By JIGGER J. JERUSALEM
GREENPEACE Philippines joined other environmental advocates in asking lawmakers to work on legislating a ban on the entry of trash from overseas, and for the government to work with South Korea to hasten the return of the 5,177 metric tons of garbage still at the state-run economic zone in Tagoloan, Misamis Oriental.
In a statement it posted on its website, Greenpeace said it is in solidarity with Ecowaste Coalition in calling for the immediate return of the garbage to Pyeongtaek City, South Korea.
The wastes, which arrived in two batches from Pyeongtaek last year, were imported by Verde Soko Philippines Industrial Corp. purportedly to be used as materials for its plastic recycling facility inside the Phividec Industrial Estate in Barangay Santa Cruz, Tagoloan, Misamis Oriental.
Verde Soko, a start-up company with a mix of Filipinos and South Koreans holding top positions, was not able to start it operation as the tons of plastic trash were red-flagged by both the Bureau of Customs and the Department of Environment and Natural Resources for wrongfully declaring them as “plastic synthetic flakes” and for failing to secure an import permit.
Early this month, Ecowaste Coalition has written to South Korean President Moon Jae-in and other political leaders essentially appealing to them to ship back the garbage without further delay before it could do more harm to the country’s environment.
In response, the South Korean Embassy in Manila has assured that it has coordinated with Philippine authorities for the reshipment of the garbage.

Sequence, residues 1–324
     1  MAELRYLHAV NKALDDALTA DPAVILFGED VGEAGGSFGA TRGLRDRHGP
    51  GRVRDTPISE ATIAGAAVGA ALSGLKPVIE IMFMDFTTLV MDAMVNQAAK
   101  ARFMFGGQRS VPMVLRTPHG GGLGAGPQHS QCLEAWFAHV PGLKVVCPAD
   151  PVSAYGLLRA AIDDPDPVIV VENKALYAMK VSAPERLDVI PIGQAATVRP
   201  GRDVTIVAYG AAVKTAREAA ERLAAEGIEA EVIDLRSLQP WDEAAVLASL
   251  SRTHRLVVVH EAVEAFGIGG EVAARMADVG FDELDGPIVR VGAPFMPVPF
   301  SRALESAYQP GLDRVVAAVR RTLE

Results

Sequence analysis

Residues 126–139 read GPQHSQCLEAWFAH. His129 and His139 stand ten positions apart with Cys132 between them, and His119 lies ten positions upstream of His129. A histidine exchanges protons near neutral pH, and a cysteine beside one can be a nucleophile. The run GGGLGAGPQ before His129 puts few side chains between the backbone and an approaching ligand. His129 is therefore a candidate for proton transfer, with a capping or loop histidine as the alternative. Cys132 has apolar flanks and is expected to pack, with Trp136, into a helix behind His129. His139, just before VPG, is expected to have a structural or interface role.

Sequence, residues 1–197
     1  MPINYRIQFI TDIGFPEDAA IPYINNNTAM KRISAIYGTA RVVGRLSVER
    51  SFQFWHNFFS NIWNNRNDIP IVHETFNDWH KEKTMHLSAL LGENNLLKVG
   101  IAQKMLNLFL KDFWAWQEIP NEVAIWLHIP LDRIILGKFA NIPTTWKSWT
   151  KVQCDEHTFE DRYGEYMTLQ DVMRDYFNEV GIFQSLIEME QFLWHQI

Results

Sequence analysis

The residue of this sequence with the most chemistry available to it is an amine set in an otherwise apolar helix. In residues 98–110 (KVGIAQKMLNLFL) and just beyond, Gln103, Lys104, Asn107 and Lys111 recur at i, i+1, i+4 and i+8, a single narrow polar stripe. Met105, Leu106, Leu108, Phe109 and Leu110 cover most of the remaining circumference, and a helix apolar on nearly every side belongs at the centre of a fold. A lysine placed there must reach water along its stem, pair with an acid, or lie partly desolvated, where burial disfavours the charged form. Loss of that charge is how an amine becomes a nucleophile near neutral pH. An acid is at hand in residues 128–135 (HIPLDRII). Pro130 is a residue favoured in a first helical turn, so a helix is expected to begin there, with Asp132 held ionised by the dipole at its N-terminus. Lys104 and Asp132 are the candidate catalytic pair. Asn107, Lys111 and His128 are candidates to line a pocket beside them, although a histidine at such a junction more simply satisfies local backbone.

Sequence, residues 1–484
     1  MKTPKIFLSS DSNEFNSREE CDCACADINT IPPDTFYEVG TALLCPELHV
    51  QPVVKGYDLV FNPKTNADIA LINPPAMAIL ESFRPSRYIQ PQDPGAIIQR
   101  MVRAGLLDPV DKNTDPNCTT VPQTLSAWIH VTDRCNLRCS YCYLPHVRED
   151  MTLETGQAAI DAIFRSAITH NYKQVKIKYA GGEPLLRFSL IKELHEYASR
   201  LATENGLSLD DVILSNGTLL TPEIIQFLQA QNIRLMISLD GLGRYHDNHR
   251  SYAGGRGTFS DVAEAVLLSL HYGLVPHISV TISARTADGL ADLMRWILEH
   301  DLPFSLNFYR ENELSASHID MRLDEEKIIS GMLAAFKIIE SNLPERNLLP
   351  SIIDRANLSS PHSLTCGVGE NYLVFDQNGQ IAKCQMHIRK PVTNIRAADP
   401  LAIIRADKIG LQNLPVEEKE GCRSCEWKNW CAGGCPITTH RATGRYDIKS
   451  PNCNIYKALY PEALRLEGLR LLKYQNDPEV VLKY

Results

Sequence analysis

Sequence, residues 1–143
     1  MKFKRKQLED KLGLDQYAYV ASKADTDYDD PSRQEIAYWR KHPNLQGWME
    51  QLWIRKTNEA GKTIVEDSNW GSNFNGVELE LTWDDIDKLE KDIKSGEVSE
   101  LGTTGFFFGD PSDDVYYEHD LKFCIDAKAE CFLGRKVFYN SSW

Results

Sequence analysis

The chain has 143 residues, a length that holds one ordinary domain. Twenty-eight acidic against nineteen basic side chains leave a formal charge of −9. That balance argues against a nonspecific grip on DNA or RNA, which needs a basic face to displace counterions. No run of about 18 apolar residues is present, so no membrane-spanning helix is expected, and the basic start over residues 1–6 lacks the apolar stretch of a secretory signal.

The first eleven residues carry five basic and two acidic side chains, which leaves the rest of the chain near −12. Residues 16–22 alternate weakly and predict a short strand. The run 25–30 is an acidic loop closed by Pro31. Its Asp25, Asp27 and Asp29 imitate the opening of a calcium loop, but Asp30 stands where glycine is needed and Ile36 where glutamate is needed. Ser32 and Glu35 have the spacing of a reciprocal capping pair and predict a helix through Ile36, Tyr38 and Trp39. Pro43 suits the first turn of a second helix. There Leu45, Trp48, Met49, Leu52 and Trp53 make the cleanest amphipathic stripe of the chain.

Greenpeace noted that while some measures, like a DENR administrative order which would impose a three-month moratorium on all waste-related imports and requiring a P3 million security bond for every permit issued to importers, will likely help control trash importation, the group doubted this “temporary” solution could address the issue in the long run.
“We need urgent action on long-term solutions. If the Philippine and South Korean governments are serious in solving this crisis, they should act now to legislate a policy permanently banning waste imports. This should include prosecuting and penalizing parties involved,” said Abigail Aguilar, Greenpeace Southeast Asia regional campaign coordinator.
In January, part of the imported garbage, about 1,400 metric tons, was returned to its country of origin.
But before the rest of the trash could be transported back to South Korea, it caught fire lasting 11 hours, inside the Verde Soko compound on Aug. 15, raising health concerns.
Ecowaste Coalition national coordinator Aileen Lucero said the conflagration was a “wake-up call to speed up the removal of the garbage.”
“We can no longer allow another incident, accidental or deliberate, to occur and put the health and safety of the people at grave risk. President Moon Jae-in should now intervene to hasten his country’s re-importation of their trash,” Lucero added.
Before the incident, Mindanao Container Terminal sub-port collector John Simon has said the garbage were ready for transport.